Regard, the belly.
Belly fat is now considered a harbinger of heart disease, along with high blood pressure and high cholesterol. Since I have all three, and since I am of an age when these things become a real concern, and since my father recently experienced quadruple bypass surgery, I have decided to restrict carbohydrates from my diet and lose 35 pounds. Or even a little more.
This picture was taken yesterday, eight days after I started my new food regimen. I've lost eight pounds (about one pound per day) while attempting to get "ketotic," that state when the body, deprived of carbohydrates, thinks it is starving and begins digesting its own fat. I now weigh 210 pounds. My goal is 180.
I wish I had had blood work performed immediately before I took the low-carb plunge. My previous results, from December 2007, showed a total cholesterol level of 201, with HDL (good cholesterol) at 43 and LDL (bad cholesterol) at 122. My total triglycerides were 178. My most recent blood exam was a week ago, or more than a year after I started taking Liptor to reduce my cholesterol and four days after I started the low-carb diet. It showed that my total cholesterol had actually risen to 211. My HDL had slumped slightly to 41, while LDL had gone up to 149. But I was very glad to see that my triglyceride level, a very real measure of cardiac risk, had plummeted to 103, a drop of 42 percent.
Naturally, my doctor was less interested in my triglycerides than increasing my dosage of Lipitor and getting me to eat less fat. You can hardly blame him. The current dogma of the medical establishment is that fat raises cholesterol and needs to be treated with a statin drug such as Lipitor. But in fact this is merely a hypothesis. Doctors still doesn't know exactly what causes heart disease or what role cholesterol--especially dietary cholesterol--might play. I am convinced that carbohydrates, because of their singular relationship with insulin and the way the body stores fat, is the greater culprit.
In fact, 80 percent of cholesterol is produced by our own bodies, in the liver. The extent to which we produce our own cholesterol and what our bodies do with it is largely a matter of genetics. We can't change genetics. But that leaves only 20 percent of cholesterol related to what we eat. I am more inclined to believe that the huge effect that carbohydrates have on insulin production, and the direct relationship between insulin and body fat, outweighs the 20 percent of cholesterol that we control with our diet.
The American diet has become a runaway buffet of carbohydrates based on a government-subsidized glut of corn and other grains. Walk into any supermarket and you can see it: aisle after aisle--floor to ceiling--of carbohydrates in a thousand different manifestations. Kids go to school on a breakfast of potato chips and high-fructose corn syrup. Our most popular vegetable by far is the potato, usually in the form of French fries. We are a nation of irrepressible snackers. Call it the Great Carb Addiction.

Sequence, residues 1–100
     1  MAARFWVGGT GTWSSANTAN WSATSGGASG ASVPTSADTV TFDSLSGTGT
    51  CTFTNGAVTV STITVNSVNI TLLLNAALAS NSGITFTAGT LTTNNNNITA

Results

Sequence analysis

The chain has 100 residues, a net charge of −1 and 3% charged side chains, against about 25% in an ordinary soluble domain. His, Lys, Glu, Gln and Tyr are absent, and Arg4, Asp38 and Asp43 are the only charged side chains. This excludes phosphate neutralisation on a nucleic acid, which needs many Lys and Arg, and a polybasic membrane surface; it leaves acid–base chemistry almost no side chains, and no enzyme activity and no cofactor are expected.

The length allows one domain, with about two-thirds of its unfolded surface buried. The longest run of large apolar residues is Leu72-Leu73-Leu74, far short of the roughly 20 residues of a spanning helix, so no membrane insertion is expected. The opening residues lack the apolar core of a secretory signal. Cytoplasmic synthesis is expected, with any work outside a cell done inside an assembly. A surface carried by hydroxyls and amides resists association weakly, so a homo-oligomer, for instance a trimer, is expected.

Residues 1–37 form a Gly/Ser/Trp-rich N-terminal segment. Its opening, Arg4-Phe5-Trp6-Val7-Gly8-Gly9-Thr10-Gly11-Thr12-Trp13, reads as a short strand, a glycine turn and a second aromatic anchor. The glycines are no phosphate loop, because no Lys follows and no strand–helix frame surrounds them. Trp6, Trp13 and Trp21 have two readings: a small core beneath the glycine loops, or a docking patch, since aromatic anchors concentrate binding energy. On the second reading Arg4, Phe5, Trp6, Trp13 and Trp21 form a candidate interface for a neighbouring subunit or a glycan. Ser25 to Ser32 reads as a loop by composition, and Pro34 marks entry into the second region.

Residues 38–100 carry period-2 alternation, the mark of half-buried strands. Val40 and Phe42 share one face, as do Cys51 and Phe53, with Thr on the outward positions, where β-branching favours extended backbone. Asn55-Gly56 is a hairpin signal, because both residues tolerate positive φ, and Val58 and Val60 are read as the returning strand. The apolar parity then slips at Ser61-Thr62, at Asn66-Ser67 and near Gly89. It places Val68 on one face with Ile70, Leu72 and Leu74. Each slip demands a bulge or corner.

The problem is that all those carbs force the pancreas to work overtime making insulin. Insulin turns the carbs into glucose for energy, but if we already have enough glucose, the sugar gets stored as fat. Accumulated fat presses on the organs, causing high blood pressure. Pretty soon you're looking at cholesterol out of balance followed by insulin resistance and diabetes.
Sharply reducing carbohydrates brings insulin back to a sane level. Although it sounds counterintuitive, a body deprived of carbohydrates and in a state of ketosis will actually process fats out faster than they come in. A metabolic transformation occurs. You can consume more calories and continue to lose weight. But it is common for people who eat a high-protein, low-carbohydrate diet to consume fewer calories than before, even when they are told they can eat all the steak and pork chops they want. The reason is, you don't feel as hungry when you stop eating carbohydrates. I know that in my own case I am rarely hungry any more since cutting back sharply on my carb consumption.
"You ought to add up the calories in all the food you eat all day. I think you'd be astounded," my wife was fond of scolding me. That's because I was always snacking on something, usually some form of carbohydrate. And since I work at home, food is never far away. Well, I never did add it all up. But I know I am eating much less now and the cravings have disappeared. Carbohydrates are a bad habit.
Nine years ago I stopped smoking. It wasn't easy, and the final cigarette was lit only after years of trying to quit. I'm hoping that as a result of this new approach to food, and a better appreciation for the sinister effects of a carb-rich diet, I will soon break the carbohydrate addiction as well.
Note: A healthy level of total cholesterol is considered to anywhere from 100 to 199; HDL 40 to 59; LDL anything under 100. Triglycerides, according to current thinking, should be less than 150. All measurements are milligrams per deciliter. Also, the suggested healthy ratio of triglycerides to HDL cholesterol is anything less that 5:1.